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Clark & Co. Plug Tobacco Warehouse, Bedford, VA

Clark & Co. Before

Clark & Co. Before

Clark & Co. After

Clark & Co. After

The c1907 Clark & Co. Plug Tobacco Warehouse is a contributing resources to the Bedford Historic District in Bedford, Virginia. The three-story, ten-bay warehouse exhibits characteristics typical of turn of the century industrial warehouses, featuring alterations spanning from 1907 until 1948 which reflect the continued industrial use of the building. As the name suggests, the warehouse was originally used for receiving and hanging tobacco.

As a result of the historic tax credit project, the building’s historically open layout was divided to accommodate residential units while the historic and character-defining features of the warehouse were retained. This included original concrete and wooden floors, as well as the remaining salvageable windows, which were repaired and replicated for the other openings. In order to preserve the developmental history of the building, two additions  were also restored and converted into apartment units.

The images in this post illustrate the alterations to the exterior of the building, which included mortar repointing, recladding of the corrugated metal-sided addition, and retention of the historic painted sign.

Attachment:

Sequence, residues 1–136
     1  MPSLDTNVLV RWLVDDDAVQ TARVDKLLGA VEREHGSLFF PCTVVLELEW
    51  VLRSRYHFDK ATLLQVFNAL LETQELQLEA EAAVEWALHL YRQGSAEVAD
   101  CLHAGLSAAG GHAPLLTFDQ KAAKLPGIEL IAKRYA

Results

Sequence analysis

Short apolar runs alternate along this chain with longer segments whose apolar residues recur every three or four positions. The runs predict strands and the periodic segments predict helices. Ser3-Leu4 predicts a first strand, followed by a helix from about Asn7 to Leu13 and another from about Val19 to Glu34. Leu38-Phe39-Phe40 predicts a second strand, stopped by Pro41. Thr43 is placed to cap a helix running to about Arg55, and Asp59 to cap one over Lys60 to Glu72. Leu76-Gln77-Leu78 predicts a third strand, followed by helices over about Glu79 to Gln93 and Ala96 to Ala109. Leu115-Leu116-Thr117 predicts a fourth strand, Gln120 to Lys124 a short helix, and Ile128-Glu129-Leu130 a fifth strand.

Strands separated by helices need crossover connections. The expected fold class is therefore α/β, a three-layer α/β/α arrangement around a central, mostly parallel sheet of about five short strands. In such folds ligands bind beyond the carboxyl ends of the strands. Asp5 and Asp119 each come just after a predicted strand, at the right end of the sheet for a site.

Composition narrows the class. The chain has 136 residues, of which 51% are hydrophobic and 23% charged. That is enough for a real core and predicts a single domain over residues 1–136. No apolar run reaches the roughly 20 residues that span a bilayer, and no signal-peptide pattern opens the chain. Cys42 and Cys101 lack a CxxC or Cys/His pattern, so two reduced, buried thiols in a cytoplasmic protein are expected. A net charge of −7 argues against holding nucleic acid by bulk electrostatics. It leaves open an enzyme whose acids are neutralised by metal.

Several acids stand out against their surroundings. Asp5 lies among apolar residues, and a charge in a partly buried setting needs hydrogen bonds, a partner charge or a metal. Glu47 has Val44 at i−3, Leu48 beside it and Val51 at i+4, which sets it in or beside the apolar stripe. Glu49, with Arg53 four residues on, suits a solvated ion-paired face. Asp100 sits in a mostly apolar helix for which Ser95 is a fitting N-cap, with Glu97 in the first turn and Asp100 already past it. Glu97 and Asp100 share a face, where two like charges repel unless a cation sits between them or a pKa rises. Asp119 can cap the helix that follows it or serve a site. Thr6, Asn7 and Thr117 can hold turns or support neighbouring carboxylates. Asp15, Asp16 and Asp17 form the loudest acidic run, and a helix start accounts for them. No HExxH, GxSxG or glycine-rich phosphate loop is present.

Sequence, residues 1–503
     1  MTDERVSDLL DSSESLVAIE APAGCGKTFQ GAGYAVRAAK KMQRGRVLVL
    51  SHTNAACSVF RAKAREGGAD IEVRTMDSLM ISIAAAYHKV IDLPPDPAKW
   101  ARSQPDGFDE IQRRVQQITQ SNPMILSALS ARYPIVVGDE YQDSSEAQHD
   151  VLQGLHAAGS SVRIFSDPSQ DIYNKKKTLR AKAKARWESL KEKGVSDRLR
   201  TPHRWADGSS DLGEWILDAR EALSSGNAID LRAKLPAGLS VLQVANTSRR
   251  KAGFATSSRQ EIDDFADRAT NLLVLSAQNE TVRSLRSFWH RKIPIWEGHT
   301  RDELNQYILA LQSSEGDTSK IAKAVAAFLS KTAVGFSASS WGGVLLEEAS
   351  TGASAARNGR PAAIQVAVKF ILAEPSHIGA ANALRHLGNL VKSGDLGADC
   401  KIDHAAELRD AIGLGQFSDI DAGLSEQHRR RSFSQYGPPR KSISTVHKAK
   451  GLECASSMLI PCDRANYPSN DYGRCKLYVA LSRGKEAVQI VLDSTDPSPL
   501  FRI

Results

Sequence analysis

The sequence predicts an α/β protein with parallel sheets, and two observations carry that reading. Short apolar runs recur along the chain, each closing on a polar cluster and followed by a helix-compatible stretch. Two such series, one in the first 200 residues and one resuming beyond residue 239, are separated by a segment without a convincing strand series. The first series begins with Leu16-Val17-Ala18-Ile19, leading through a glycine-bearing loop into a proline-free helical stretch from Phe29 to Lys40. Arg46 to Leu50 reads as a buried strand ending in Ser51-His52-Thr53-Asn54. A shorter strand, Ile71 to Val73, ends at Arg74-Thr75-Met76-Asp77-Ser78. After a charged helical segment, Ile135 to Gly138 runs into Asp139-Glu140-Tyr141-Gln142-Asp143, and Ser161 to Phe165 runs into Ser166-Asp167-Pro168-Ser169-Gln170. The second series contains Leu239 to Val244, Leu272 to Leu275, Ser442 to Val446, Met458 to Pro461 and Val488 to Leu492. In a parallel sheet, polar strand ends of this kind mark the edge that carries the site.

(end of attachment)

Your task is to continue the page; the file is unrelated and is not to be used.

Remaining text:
New Monroe Building, Norfolk

New Monroe Building Before

New Monroe Building, Before

New Monroe Building After

New Monroe Building, After

 

The New Monroe Building is a c1915 six story Chicago style building in downtown Norfolk. Constructed of reinforced concrete with brick curtain walls and tile partitions, the Granby Street elevation is adorned with white glazed terra cotta tile. Originally it exhibited Chicago style influenced windows on upper floors and cornices at the parapet wall on the front and rear elevations, but these features were lost during earlier renovations.

At the onset of the tax credit project, this building was in a deteriorated condition. The fifth and sixth floors contained the majority of the remaining historic finishes, but were also in the worst condition. Project priorities were to retain what little historic fabric remained in the circulation corridors and upper floors and to replicate the missing cornices from historic photographs.

With a direct physical connection to the Wells Theater, this building was rehabbed to house the Governor’s School for the Arts. Because of its new dedicated use as a school, the building had to undergo extensive asbestos abatement procedures. As a result of the tax credit project, existing environmental hazards were addressed, while also retaining, restoring, and reinstalling historic features and finishes throughout.